Today a guest-post from loyal reader and Asian food enthusiast Martha!
Sick of vegetarian recipes that act as if rich food is a mortal sin? Then read on! This my friend is the dish for you.
I bought this book in a charity shop, mostly because of it’s fabulous front cover and spiral binding and partly for the author’s name. Another Martha, yay!
The book is full of breathless prose about the wise, healthy and long-lived Himalayan peoples and the contribution their excellent diet makes to their longevity and spirituality. There is a fantastically patronising introduction from the author’s husband, Rudolph M Ballentine M.D., which describes the Brahmin woman’s “sacred duty” of preparing dinner “with a serene mind and a mantra on her lips”. But of course the authors learnt their Himalayan cooking from a man.
It’s hard to convey fully how earnest this book is. If I tell you that they thought about calling one dish “Vegetables in an exquisite creamy sauce” but decided instead to go with “Vegetables with Soy Powder Sauce” because they “wanted to remind you that this is a high protein dish”, you’ll have some idea. I also have memories of one recipe exhorting the reader to add tofu from time to time “as a special treat”* but I can’t find the quote right now. It may have been a worthiness-induced hallucination.
I don’t keep peas or yoghurt in the house not being over-fond of either, so this recipe engendered a trip to the corner shop. They didn’t have frozen peas but I did find hash browns on offer, so I know what I’m having for breakfast tomorrow. I ended up buying canned ‘garden peas’ instead. When I opened them they smelled weirdly of asparagus. Is that normal? I don’t know. I’ve never had canned peas before.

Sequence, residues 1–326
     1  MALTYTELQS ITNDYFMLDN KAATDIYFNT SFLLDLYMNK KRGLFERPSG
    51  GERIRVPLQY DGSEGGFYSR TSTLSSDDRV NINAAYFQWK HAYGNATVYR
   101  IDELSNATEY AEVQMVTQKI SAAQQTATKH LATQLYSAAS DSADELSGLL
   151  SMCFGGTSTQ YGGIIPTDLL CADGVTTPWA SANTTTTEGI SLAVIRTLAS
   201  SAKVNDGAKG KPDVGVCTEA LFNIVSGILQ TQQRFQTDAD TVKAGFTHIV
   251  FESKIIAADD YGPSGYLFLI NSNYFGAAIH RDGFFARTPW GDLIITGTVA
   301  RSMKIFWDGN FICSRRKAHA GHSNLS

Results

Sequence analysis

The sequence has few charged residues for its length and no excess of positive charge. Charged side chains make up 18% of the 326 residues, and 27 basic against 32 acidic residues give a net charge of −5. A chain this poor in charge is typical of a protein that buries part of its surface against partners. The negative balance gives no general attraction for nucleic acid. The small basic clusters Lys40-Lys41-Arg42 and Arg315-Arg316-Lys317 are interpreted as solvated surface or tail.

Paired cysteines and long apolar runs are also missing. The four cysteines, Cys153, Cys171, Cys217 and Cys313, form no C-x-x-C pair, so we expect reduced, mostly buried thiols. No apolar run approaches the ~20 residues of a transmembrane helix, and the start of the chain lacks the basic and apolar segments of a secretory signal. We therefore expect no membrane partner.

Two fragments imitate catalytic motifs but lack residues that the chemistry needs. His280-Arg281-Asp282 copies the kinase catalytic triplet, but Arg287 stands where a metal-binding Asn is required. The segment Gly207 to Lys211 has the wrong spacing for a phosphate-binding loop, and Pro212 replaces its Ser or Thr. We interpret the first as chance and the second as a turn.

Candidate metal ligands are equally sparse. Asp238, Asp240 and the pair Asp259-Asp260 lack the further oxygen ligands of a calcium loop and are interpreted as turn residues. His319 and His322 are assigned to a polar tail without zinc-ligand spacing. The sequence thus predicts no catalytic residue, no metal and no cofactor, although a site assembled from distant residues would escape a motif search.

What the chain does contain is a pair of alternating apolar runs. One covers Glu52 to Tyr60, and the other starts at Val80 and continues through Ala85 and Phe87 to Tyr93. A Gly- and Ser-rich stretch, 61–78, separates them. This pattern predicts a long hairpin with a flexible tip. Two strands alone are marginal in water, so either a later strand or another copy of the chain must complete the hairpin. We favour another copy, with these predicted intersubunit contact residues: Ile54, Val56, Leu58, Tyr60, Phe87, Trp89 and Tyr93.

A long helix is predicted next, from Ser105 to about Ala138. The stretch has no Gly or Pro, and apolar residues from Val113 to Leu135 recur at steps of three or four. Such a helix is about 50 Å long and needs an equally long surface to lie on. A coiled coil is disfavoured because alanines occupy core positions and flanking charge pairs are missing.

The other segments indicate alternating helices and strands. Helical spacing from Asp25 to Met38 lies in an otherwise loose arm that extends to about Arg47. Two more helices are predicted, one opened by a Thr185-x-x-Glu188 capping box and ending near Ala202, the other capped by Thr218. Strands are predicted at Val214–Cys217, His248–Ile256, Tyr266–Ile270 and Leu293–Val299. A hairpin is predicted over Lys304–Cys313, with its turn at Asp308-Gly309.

I also bought a large beer. Books that describe tofu as a ‘special treat’ have that effect on me.
I managed to stick pretty faithfully to the recipe and this was the result. (With corner shop naan bread. Yes, I’m dirty).
I didn’t have a large onion so I used six small shallots. I didn’t know how much a large bunch of spinach was, so I used half a supermarket bagful. They don’t say how fine to cut up the spinach but whenever I’ve had sag dishes in restaurants it’s always pretty fine so I tried to emulate.
I don’t have a pressure cooker and my frying pan was full of bacon fat, so I made this in a wok.
I didn’t read the quantities before deciding to cook this dish, only the list of ingredients. Holy moly – 3tbsp is a lot of ghee! Also to someone who doesn’t eat much dairy, a whole cup of yoghurt in this much spinach is a lot of yoghurt. In fact, to me this dish was kind of ‘when milk attacks!’. I’m guessing for people who love their creamy things, this would be an awesome recipe , and as I mentioned it’s good for those who think vegetarianism shouldn’t mean self-denial.
It was mild but not bland and would make an excellent side dish, which in fairness is what appears to be intended. It is very filling. (In real life it’s not that virulent a shade of green, but nearly.)
Apparently in Himalayan culture “waste is abhorred” so I portioned up the significant quantities of leftovers and froze them. My usual curries tend to be full of tomatoes, peppers and raging chilli. Next time I shall have a little bit of this on the side to soothe the pain.
*I love tofu but cognac and truffles it ain’t.
Got an old recipe you’d like to try and then tell the internet about? Email us vintagecookbooktrials[AT]gmail[DOT]com